When Les Keiter was a small boy, he loved the Seattle-area baseball announcer Leo Lassen. In fact, he idolized him. Leo was renowned for his depth of knowledge and insistence on accuracy. He was a master in the art of the Baseball Recreate. And little Les spent his time trying to emulate his hero by making up his own baseball tournaments – adding the element of suspense by rolling dice to determine the plays, while announcing the imaginary games in his best approximation of Leo Lassen’s style. Les even kept score books of those made-up games, which his mother held onto for years!
When we last left off with Les Keiter’s story, he had survived the war, come home, and married his sweetheart (and expert baseball scorekeeper), Lila. They ended their honeymoon adventure in Los Angeles, and drove to their new hometown, Modesto, California, where Les (unbeknownst to Lila**) had taken a job!
Les went to work at an FM station, KBEE-FM, as part of the Eleanor McClatchey radio empire. Not a lot of people had FM receivers at that time, but McClatchey had correctly guessed that it would be the medium of the future. By filling their FM airwaves with sports, they were able to corner the FM market in their area.
Les was off to the races – announcing the Modesto Reds and Stockton Ports home games live and doing Baseball Recreates when they were away.
What the heck is a Baseball Recreate?
“Baseball Recreates,” you may be asking? This was in the time before satellites and other high-speed communication, so when a local ball team traveled out of radio frequency range to play a game, the only way baseball fans could know what was happening in real time (or, close enough), was to listen to a Baseball Recreate. The announcer would be in the local radio station receiving the game stats through telephone or teletype or telegram… whatever worked, and he would announce the game live on the radio using the real game stats, his wealth of knowledge about the players and the field, and a smattering of imagination to make it sound as if he was seeing the game being played in front of him. The announcer or radio producer would fill in with sound effects for bat-cracks (Les preferred to do those himself with a drumstick and a wooden block), crowd noises, or whatever else was necessary to make the experience as authentic as possible. The audience was told before the game that it was a recreation, so it was all above board, but it’s said that many people “knew, but didn’t want to know” they were listening to a Recreation.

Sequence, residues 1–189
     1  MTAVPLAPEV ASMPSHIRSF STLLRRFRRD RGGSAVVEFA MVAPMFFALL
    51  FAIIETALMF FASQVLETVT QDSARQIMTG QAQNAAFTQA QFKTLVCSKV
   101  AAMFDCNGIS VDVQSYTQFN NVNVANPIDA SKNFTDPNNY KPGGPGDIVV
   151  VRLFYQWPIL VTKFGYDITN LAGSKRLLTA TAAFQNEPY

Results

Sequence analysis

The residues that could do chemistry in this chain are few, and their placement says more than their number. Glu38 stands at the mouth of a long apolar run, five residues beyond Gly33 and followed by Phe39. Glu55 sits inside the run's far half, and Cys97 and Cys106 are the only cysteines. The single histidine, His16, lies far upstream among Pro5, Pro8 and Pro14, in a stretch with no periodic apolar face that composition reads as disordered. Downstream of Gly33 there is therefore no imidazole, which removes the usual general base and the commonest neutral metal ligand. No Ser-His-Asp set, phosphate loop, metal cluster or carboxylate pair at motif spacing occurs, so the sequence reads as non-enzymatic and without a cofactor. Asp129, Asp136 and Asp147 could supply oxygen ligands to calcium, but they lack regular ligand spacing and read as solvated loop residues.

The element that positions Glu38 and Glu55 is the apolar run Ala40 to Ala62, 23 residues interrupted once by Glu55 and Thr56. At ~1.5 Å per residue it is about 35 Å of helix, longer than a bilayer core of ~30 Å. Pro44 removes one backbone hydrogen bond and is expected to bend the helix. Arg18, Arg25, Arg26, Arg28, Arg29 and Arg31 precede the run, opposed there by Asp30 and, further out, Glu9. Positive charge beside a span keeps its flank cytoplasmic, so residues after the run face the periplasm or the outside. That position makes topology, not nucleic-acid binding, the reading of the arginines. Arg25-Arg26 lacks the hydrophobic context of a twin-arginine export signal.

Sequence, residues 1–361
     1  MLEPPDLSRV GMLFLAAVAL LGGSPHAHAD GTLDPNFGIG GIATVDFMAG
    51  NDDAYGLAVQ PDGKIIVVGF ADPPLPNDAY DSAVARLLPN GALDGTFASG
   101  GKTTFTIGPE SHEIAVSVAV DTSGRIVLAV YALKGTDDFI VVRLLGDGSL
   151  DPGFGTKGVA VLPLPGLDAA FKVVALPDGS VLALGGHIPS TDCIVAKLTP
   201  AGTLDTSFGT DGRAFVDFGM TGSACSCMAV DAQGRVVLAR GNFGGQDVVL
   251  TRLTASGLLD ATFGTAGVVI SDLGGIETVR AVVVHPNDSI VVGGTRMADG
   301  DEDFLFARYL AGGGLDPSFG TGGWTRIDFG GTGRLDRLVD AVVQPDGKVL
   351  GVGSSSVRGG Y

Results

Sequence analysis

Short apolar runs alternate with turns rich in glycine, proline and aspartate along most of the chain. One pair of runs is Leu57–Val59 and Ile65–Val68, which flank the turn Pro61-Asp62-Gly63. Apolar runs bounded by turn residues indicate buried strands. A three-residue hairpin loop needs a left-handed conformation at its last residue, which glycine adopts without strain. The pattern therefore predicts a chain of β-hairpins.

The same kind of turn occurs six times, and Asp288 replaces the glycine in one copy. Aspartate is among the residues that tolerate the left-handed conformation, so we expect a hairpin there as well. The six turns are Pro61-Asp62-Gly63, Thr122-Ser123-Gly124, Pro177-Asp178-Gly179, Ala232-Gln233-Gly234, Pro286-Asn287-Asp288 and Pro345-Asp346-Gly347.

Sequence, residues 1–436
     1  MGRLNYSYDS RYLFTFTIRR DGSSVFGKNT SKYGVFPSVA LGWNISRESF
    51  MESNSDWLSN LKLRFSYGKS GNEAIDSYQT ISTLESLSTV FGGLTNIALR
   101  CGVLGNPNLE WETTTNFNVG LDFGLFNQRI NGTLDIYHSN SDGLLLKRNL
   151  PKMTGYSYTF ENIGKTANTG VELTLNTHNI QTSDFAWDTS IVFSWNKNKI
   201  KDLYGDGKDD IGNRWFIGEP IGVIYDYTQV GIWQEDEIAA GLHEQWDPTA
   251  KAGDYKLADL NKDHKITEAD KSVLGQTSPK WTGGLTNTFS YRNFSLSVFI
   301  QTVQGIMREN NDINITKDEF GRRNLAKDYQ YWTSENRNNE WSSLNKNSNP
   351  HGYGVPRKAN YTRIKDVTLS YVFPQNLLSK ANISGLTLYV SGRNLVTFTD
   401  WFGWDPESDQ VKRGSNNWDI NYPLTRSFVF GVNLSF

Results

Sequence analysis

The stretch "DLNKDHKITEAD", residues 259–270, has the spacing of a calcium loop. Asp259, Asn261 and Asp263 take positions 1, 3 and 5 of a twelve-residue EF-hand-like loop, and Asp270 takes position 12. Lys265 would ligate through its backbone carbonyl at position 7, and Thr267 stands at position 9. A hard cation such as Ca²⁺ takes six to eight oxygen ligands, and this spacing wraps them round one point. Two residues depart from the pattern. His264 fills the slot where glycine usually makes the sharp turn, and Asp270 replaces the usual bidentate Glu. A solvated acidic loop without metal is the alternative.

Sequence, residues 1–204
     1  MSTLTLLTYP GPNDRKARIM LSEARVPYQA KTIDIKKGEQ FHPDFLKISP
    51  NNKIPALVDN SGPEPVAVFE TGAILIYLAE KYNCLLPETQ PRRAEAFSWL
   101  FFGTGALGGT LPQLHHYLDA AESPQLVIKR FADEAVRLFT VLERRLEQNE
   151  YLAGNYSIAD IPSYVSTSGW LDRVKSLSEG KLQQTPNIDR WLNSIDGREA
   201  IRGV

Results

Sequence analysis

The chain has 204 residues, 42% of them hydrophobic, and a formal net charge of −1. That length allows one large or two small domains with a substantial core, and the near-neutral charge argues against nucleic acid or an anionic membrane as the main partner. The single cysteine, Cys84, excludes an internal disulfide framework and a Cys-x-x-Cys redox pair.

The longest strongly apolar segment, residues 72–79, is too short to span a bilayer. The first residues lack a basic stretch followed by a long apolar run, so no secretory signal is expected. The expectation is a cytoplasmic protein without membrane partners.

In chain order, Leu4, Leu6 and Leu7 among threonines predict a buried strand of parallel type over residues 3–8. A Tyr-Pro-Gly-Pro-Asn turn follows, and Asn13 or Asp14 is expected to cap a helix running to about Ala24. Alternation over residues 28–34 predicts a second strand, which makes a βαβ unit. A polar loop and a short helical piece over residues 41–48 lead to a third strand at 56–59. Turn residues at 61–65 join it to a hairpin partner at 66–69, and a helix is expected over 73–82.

This was where a baseball announcer’s individual skill and imagination could really shine. This was also a decade before the Giants and Dodgers moved from New York to California, so the Modesto and Stockton teams were the biggest baseball attraction in town. Les also rounded out the baseball broadcast schedule at the station with Recreates from the rest of the Class-A California State League.
As far as we know, Les never spoke publicly about how he felt doing his very first on-air baseball recreate, but it’s certain that with all the practice he had making up his own games as a child, Keiter was as well prepared as could be. And all of those Modesto and Stockton Recreates were starting to get him noticed. As luck would have it, the 1949 baseball season was the all-time peak season for fan attendance in the league.
J. Elroy McCaw comes back to our story
In late 1949, after only about 5 months with KBEE, Les received a telegram from J. Elroy McCaw. His former boss from KELA in Centralia-Chehalis, WA was now in Honolulu, Hawaii:
“WONDERFUL OPPORTUNITY FOR YOU HERE, IF INTERESTED.”
Les sent back, “ALWAYS INTERESTED.”
Hawaii was a treasure trove of work for a good announcer with Les Keiter’s skills. So Les and Lila packed up and moved from Modesto to Honolulu, where Les would do Baseball Recreates full time.
** Although it was a nice town, upon hearing Modesto was going to be their new home, Lila made her feelings clear, and Les resolved never to make such a decision without Lila’s input again. And he never did.